Summary: International Ocean Discovery Program Expedition 363 sought to document the regional expression and driving mechanisms of climate variability (e.g., temperature, precipitation, and productivity) in the Western Pacific Warm Pool (WPWP) as it relates to the evolution of Neogene climate on millennial, orbital, and geological timescales. To achieve our objectives, we selected sites with wide geographical distribution and variable oceanographic and depositional settings. Nine sites were cored during Expedition 363, recovering a total of 6956 m of sediment in 875-3421 m water depth with an average recovery of 101.3% during 39.6 days of on-site operations. Two sites are located off northwestern Australia at the southern extent of the WPWP and span the late Miocene to present. Seven sites are situated at the heart of the WPWP, including two sites on the northern margin of Papua New Guinea (PNG) with very high sedimentation rates spanning the past ∼450 ky, two sites in the Manus Basin north of PNG with moderate sedimentation rates recovering upper Pliocene to present sequences, and three low sedimentation rate sites on the southern and northern parts of the Eauripik Rise spanning the early Miocene to present. The wide spatial distribution of the cores, variable accumulation rates, exceptional biostratigraphic and paleomagnetic age constraints, and mostly excellent foraminifer preservation will allow us to trace the evolution of the WPWP through the Neogene at different temporal resolutions, meeting the primary objectives of Expedition 363. Specifically, the high sedimentation-rate cores off PNG will allow us to better constrain mechanisms influencing millennial-scale variability in the WPWP, their links to high-latitude climate variability, and implications for temperature and precipitation variations in this region under variable climate conditions. Furthermore, these high accumulation rates offer the opportunity to study climate variability during previous warm periods at a resolution similar to existing studies of the Holocene. With excellent recovery, Expedition 363 sites are suitable for detailed paleoceanographic reconstructions at orbital and suborbital resolution from the middle Miocene to Pleistocene, and thus will be used to refine the astronomical tuning, magneto-, isotope, and biostratigraphy of hitherto poorly constrained intervals within the Neogene timescale (e.g., the late Miocene) and to reconstruct the history of the East Asian and Australian monsoon and the Indonesian Throughflow on orbital and tectonic timescales. Results from high-resolution interstitial water sampling at selected sites will be used to reconstruct density profiles of the western equatorial Pacific deep water during the Last Glacial Maximum. Additional geochemical analyses of interstitial water samples in this tectonically active region will be used to investigate volcanogenic mineral and carbonate weathering and their possible implications for the evolution of Neogene climate.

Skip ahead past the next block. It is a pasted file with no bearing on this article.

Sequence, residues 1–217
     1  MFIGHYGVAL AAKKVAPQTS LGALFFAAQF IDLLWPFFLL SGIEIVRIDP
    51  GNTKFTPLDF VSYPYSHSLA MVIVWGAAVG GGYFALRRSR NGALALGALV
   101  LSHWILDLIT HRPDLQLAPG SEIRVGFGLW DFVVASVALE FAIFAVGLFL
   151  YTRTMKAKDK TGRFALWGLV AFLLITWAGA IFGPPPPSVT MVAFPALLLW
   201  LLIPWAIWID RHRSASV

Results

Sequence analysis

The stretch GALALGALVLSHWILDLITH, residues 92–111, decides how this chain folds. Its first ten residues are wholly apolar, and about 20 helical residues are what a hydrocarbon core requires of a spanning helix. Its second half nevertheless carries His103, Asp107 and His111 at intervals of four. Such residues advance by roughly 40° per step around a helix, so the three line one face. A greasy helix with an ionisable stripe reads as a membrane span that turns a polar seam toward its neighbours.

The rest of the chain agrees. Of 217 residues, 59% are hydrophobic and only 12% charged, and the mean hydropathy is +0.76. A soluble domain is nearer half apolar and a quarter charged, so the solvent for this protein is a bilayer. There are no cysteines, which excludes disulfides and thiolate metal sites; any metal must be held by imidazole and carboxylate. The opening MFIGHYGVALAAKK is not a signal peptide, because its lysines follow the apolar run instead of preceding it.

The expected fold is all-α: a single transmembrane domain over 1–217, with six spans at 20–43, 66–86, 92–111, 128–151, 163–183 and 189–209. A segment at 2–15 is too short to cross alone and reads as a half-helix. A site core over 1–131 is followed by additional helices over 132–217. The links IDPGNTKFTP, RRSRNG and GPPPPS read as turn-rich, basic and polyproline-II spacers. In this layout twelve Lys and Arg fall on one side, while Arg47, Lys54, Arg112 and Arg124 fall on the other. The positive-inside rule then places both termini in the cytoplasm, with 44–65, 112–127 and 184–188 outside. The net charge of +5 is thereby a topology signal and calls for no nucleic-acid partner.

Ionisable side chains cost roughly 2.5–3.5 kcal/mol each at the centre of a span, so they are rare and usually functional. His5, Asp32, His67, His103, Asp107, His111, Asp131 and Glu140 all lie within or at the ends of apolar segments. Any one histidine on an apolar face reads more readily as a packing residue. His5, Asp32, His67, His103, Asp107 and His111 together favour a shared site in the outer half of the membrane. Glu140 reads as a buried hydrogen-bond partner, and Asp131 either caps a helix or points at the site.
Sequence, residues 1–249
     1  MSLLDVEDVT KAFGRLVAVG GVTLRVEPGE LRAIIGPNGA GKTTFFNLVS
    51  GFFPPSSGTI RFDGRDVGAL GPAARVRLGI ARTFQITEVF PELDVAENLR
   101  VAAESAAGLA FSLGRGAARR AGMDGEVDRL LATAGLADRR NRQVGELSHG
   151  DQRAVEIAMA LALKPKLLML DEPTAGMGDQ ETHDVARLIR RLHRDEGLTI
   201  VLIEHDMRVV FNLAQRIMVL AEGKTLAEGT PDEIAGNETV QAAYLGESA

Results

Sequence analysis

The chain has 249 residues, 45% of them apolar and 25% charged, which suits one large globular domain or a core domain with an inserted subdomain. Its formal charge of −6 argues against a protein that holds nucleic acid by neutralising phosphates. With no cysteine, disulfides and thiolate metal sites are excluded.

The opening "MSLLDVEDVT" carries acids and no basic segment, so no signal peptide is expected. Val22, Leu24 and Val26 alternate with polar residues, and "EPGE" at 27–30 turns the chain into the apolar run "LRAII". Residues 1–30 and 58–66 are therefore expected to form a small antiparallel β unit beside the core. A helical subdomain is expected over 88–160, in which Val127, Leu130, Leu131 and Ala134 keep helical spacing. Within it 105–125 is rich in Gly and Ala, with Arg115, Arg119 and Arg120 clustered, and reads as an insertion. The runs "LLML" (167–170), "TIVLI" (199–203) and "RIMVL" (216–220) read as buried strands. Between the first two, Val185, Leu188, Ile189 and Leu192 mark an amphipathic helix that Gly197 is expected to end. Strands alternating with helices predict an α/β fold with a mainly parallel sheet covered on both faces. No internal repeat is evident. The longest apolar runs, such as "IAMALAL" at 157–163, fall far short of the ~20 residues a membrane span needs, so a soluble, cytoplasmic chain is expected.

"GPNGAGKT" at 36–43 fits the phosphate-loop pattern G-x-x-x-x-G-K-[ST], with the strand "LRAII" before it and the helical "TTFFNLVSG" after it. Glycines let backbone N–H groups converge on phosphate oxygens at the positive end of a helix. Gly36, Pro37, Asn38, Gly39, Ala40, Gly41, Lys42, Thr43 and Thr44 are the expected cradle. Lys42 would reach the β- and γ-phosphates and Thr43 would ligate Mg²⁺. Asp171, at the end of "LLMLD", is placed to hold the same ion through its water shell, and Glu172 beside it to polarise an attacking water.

Year of Publication: 2017
Research Program: IODP Integrated Ocean Drilling Program
Key Words: 12 Stratigraphy, Historical Geology and Paleoecology; Algae; Biostratigraphy; Boreholes; Cenozoic; Climate change; Cores; Diagenesis; Equatorial Pacific; Expedition 363; Foraminifera; IODP Site U1482; IODP Site U1483; IODP Site U1484; IODP Site U1485; IODP Site U1486; IODP Site U1487; IODP Site U1488; IODP Site U1489; IODP Site U1490; Indian Ocean; Indonesian Throughflow; Invertebrata; Lithostratigraphy; Magnetostratigraphy; Marine sediments; Microfossils; Monsoons; Nannofossils; Neogene; Pacific Ocean; Paleo-oceanography; Paleoclimatology; Paleomagnetism; Physical properties; Plantae; Protista; Quaternary; Reconstruction; Sea water; Sea-surface temperature; Sediments; Tertiary; Well logs; West Pacific; Western Pacific Warm Pool
Coordinates: S160000 N070000 E1450000 E1180000
Record ID: 2017020804
Copyright Information: GeoRef, Copyright 2017 American Geosciences Institute.